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OTTAWA — The number of groups registered as third-party advertisers in the federal election campaign has eclipsed 2015’s total, as 117 unions, non-profits, industry associations — and even some individuals — try to sway Canadians to their points of view.

The groups need to file a series of disclosures to Elections Canada once they hit certain spending thresholds, and a fresh wave of numbers are now appearing online. With some forms still to come, here are some key trends emerging in how groups are trying to reach voters:

Unions still on top

An earlier set of disclosures suggested unions would be the biggest third-party spenders on electioneering, and that trend has continued halfway through the campaign. Though Unifor has not declared much new spending to add to an earlier $1.3-million blitz, the United Steelworkers picked up the slack with about $144,000 in expenses since the campaign began on top of their $739,000 pre-election buys. The Canadian Federation of Nurses Unions entered the fray with about $410,000 in campaign ad expenses and the Public Service Alliance of Canada reported pre-election outlays of $160,000. In the campaign period, Quebec’s largest labour union spent $35,000, the Canadian Union of Public Employees spent around $27,000, and a union of correctional workers rounds out the union spending with a $38,000 outlay since June 30.

Coast-to-coast campaigning

The vast majority of newly reported expenses are for national advertising, or advertising that is not specifically targeted in single ridings. Fair Vote Canada and the Steelworkers were two of the handful of groups to target distinct ridings, but in the union’s case it accounted for only about one per cent of the total. The Canadian Medical Association had a mildly higher proportion of local spending, at about eight per cent of its total during the campaign. One thing worth noting, though, is that many advertisements listed as national may still be directed in some ways to specific types of voters through digital ad targeting.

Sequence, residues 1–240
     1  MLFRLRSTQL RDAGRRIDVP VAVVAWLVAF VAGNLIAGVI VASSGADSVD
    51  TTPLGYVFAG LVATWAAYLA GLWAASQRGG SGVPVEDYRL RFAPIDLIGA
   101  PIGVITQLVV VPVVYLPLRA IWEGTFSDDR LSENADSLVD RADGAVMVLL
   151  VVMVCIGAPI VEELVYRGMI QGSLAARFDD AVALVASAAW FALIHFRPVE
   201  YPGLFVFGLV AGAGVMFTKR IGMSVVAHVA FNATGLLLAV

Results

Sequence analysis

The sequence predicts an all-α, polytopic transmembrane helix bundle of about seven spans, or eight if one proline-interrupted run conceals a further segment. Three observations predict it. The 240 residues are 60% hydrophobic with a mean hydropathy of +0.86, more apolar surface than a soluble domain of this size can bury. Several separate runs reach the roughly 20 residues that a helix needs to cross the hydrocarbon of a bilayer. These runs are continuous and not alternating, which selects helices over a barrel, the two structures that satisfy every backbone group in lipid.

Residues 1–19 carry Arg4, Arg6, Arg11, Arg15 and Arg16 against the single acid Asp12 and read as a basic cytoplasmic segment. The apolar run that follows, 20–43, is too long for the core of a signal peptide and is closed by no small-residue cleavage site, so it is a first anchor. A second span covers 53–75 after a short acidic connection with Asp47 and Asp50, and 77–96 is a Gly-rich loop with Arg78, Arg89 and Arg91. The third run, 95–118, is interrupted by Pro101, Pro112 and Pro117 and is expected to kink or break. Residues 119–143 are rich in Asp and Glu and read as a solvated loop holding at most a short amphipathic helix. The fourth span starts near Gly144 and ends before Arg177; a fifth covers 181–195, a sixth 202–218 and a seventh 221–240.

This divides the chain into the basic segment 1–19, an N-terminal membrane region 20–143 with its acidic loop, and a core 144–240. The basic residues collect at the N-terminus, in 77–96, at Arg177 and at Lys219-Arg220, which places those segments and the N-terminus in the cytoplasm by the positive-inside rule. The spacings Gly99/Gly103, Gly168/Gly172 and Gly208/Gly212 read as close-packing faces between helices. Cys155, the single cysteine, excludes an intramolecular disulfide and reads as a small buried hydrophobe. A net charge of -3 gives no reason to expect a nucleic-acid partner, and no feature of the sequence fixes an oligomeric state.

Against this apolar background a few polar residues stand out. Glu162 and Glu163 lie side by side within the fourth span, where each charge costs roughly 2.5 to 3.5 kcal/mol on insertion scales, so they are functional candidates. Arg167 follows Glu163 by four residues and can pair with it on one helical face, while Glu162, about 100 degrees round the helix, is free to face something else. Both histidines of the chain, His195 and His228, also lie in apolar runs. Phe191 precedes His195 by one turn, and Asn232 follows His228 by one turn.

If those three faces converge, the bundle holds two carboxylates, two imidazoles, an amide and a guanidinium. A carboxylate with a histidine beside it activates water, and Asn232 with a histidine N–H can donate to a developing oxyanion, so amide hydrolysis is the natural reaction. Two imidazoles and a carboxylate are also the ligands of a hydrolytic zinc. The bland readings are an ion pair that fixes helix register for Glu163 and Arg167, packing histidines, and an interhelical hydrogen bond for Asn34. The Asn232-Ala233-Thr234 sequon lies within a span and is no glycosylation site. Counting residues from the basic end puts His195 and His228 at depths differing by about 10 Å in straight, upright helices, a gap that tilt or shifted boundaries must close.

Facebook a focus

The world’s largest social-media site is a go-to for advertisers in this election campaign, with some advertisers, like the anti-Liberal group Canada Proud, spending almost exclusively on the platform. Facebook is also receiving more attention than one of its competitors, Twitter. The Canadian Medical Association, for example, has spent about $4,700 boosting its tweets since Sept. 17, but shelled out just under $9,000 on Facebook ads in the last week alone. Google (and its subsidiary, YouTube) banned political advertising on its sites from June 30 until the election Oct. 21.

Many ways to get money

The third-party groups have a wide array of goals and a similarly diverse set of funding models. Unions tend to spend money already collected through dues, and associations like the Grain Farmers of Ontario and the Canadian Medical Association are also using pre-existing funds. Contrast that with more grassroots groups who get the bulk of the funding used for electioneering from donors who give $200 or less. Leadnow Society, a progressive group, received just under 90 per cent of its new funding since the start of the campaign from those smaller donors. Fair Vote Canada, an electoral-reform group, had a similar ratio (though with fewer donors). Still other groups have brought in just a few very large donations: Equiterre, an environmentalist group, has reported just a single $60,000 donation from a philanthropic group (and no expenses yet).

The most-ever registered, but only a few big spenders

Though 117 entities have now registered a third-party groups, only a fraction of those groups have so far disclosed significant spending. Third-party groups must file interim disclosures with Elections Canada once they either spend or receive $10,000 for regulated activities in either the pre-election period or formal campaign. Only 25 groups have had their disclosures published by Elections Canada so far (though all third parties will have to report within four months of the election). In 2015, 53 registered third-party groups (out of 115) spent more than $10,000 on regulated activities.

This report by The Canadian Press was first published Oct. 1, 2019.

Christian Paas-Lang, The Canadian Press

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